Editor of film publication ‘Little White Lies’ David Jenkins talks about his publication ‘Filmmakers on Film: How They Create, Craft and Communicate’ now available to purchase

Every storyteller has their own way of conveying a set of ideas, skilled technicians instinctively able to craft engaging, memorable pieces of art that echo throughout the generations, whether they’re able to tap into the zeitgeist or expand perspective. This apparent within Hollywood’s cinematic history, the silver screen a vessel for innovation and a facet of popular culture contributing iconic moments that fuel conversation. Inspired by the works of a handful of the cinematic world’s greats, Little White Lies editor David Jenkins presents Filmmakers on Film: How They Create, Craft and Communicate, a publication consisting of a curated selection of quotations, images and interviews with a handful of iconic filmmakers including Sofia Coppola, Agnès Varda, David Lynch and Ava DuVernay amongst others. Currently available to purchase on various online platforms, David tells us more about curating the publication.
Hi David, your book Filmmakers on Film: How They Create, Craft and Communicate will be published on Thursday 5th May via Laurence Kay Publishing. How are you feeling ahead of the release?
Nervous. Both nervous-excited, and nervous-trepidation. You know you hear about filmmakers who never watch their own films once they’re done – well that’s kinda how I feel about my own writing. Yet, I understand where those filmmakers are coming from, as I’ve probably read this book cover-to-cover about 100 times, at least.
Filmmakers on Film: How They Create, Craft and Communicate is a thorough exploration and celebration of the most innovative multihyphenates working in film, from Sofia Coppola to David Lynch. What inspired you to explore their legacies further?
I think “legacy” is not really the right word here: I’m more looking at characteristics of personal style, and trying to deduce why each filmmaker in the book is distinctive and worth of discussion. Sofia Coppola is someone who is uniquely interested in young lives, and presents them in an ethereal (ie, non-hysterical way). David Lynch has the unique ability to layer-up different realms of perception and play them as both comedy and tragedy. I had to be very pithy writing this book as the wordcount was low, and that made the task of really boiling down these filmmakers to their concentrated essence that much harder.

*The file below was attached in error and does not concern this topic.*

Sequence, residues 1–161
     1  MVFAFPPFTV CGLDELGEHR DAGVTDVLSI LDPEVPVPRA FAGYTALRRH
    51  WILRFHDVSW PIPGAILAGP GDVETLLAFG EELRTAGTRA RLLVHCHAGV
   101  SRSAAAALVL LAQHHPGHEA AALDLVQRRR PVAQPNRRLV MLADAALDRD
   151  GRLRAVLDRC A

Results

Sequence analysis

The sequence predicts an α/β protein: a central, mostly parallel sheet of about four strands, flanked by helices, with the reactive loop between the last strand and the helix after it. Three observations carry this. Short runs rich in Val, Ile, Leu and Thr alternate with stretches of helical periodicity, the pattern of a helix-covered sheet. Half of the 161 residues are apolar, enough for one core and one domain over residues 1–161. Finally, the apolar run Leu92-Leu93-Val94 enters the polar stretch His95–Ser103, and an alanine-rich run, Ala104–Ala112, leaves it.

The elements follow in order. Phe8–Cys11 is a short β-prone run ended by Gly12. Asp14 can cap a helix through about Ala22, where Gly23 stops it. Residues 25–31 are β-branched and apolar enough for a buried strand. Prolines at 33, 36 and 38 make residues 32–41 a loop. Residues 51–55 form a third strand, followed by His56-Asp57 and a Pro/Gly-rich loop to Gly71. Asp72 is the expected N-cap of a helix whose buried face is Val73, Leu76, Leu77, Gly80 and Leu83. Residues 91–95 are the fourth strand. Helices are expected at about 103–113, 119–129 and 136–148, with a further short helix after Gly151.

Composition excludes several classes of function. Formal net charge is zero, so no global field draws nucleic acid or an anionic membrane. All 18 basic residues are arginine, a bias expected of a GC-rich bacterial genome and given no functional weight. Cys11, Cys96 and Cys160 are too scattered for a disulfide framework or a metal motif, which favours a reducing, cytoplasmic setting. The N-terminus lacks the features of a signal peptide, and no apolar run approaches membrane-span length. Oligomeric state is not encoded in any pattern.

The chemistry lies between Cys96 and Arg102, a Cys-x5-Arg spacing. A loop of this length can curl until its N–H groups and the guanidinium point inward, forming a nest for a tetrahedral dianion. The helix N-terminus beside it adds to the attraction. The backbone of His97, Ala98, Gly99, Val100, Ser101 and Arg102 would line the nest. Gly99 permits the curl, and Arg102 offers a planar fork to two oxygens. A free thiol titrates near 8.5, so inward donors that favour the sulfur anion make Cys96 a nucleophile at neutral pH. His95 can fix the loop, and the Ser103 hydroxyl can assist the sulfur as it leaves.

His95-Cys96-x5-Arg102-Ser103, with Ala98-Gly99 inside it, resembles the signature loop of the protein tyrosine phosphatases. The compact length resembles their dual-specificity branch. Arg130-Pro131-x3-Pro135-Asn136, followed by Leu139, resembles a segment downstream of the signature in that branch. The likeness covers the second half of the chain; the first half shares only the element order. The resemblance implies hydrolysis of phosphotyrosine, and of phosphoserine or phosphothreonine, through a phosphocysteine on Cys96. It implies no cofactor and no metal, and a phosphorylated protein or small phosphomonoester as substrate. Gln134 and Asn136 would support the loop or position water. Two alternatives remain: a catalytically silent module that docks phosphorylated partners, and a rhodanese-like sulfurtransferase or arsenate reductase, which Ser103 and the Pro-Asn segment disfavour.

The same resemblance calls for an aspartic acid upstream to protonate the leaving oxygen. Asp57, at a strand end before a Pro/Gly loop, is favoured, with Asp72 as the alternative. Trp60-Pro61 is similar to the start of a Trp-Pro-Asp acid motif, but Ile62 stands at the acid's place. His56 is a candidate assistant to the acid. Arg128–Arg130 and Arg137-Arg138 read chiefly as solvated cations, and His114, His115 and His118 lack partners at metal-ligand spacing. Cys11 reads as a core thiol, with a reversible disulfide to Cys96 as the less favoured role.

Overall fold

The book is a selection of quotations, images and interviews – with it, revealing what matters most to the masters. How have you approached creating the book?
The main thing I did was watch a lot of movies and read quite a lot of books, though not too many books as I didn’t want to pilfer the ideas of others. I think a lot of ideas about filmmakers have come to me through a kind of osmosis, from years of listening to and reading the work of inspiring cinephiles, so their DNA is likely scattered through the book. My main approach, however, was to make the book approachable and talk about these filmmakers in terms that were simple and direct, with added context where needed. I had to be very selective about what I was including with each entry too – Ingmar Bergman made many, many films, and for my entry on him I chose to talk about two slightly lesser-known titles I found to be exemplars of his style.
What have you learned/taken away from creating the publication?
That there’s a richness to the work of great filmmakers that always reveals more and that evolves with time. I could watch a film like Hitchcock‘s Vertigo or Jacques Rivette‘s Celine and Julie Go Boating over and over, and each time find new seam to pick at. A great film offers infinite possibilities for interpretation.
What can readers expect?
As above, concise, concentrated celebrations of a wide range of great filmmakers.
What would you like for them to take away from the publication?
To watch the films I talk about, because I believe every one to be good. Also to tell friends, and go and explore the film magazine that I edit called Little White Lies.
Questions by Lucy Basaba.
Filmmakers on Film: How They Create, Craft and Communicate is currently available to purchase, to find out more about the book, visit here…
For your chance to win a copy of the book, visit here…

To find out more about Filmmakers on Film: How They Create, Craft and Communicate, visit here…

To find out more about Little White Lies, visit here…

Written by Theatrefullstop